The Last Girl by Joe Hart: What If Girls Stopped Being Born?

by Mk

in Authors,Fiction,Men,Mysteries & Thrillers,Science Fiction

The Last GirlThe Last Girl by Joe Hart is Book #1 of the Dominion Trilogy, a near-future dystopian sci-fi thriller series. I chose this novel as my March Amazon Prime monthly pick. I’ve found some fun reads through this Prime perk, and have reviewed several on this site.

When I saw The Last Girl and read its brief description, my mind immediately went to real-world China, its one child rule, and its past preference for boy births over girl births. Although I understood why China made that rule, I knew its repercussions would have serious lopsided implications for future generations. Luckily that rule has since been relaxed. Although this novel doesn’t take place in China, I couldn’t wait to read The Last Girl. I don’t want to imply that it resembles China’s edict because it doesn’t – it has a far more interesting premise. What if there were only a few girls left in the whole world? What would happen to human beings as a species, and more specifically to those girls?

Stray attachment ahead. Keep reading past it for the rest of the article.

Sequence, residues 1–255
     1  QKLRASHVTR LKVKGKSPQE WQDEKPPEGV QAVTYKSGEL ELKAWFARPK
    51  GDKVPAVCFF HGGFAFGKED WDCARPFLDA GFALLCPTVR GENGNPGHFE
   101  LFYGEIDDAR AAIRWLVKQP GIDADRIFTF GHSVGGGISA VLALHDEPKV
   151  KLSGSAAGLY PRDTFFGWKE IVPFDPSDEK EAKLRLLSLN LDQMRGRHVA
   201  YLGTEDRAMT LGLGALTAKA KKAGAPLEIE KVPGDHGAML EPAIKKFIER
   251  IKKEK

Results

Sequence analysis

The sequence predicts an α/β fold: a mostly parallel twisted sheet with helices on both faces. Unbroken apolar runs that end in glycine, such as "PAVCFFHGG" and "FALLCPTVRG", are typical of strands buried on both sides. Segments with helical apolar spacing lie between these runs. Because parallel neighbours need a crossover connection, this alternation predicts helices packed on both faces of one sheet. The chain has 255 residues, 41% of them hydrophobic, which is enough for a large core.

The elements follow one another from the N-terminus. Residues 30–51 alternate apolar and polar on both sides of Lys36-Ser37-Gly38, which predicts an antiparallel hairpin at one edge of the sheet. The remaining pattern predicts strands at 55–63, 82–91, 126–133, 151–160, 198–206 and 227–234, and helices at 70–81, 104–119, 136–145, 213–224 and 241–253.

Something happens in the world a few years from now. It starts off with a virus – a new virus – isn’t there always a new virus these days? This virus, unlike the ones everyone has become accustomed to, has some unforeseen consequences that could prove catastrophic for human beings’ continued existence on the planet. Fewer and fewer baby girls are being born…in fact, less than 1% of all births worldwide are female.

Doctors and scientists around the world scramble to find a cure but, even twenty five years later, they’ve had no success. Now there are fewer than 1,000 women left on the entire planet, and a lot of them are completely barren.